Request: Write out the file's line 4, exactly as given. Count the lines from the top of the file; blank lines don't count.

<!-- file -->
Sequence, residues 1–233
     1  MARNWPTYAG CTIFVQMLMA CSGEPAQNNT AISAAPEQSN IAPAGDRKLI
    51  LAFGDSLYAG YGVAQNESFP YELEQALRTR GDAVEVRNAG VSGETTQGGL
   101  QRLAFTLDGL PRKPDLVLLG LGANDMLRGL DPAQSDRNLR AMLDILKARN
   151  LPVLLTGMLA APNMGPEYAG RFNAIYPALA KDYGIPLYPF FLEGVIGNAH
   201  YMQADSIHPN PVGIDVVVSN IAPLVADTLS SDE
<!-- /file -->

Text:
   101  QRLAFTLDGL PRKPDLVLLG LGANDMLRGL DPAQSDRNLR AMLDILKARN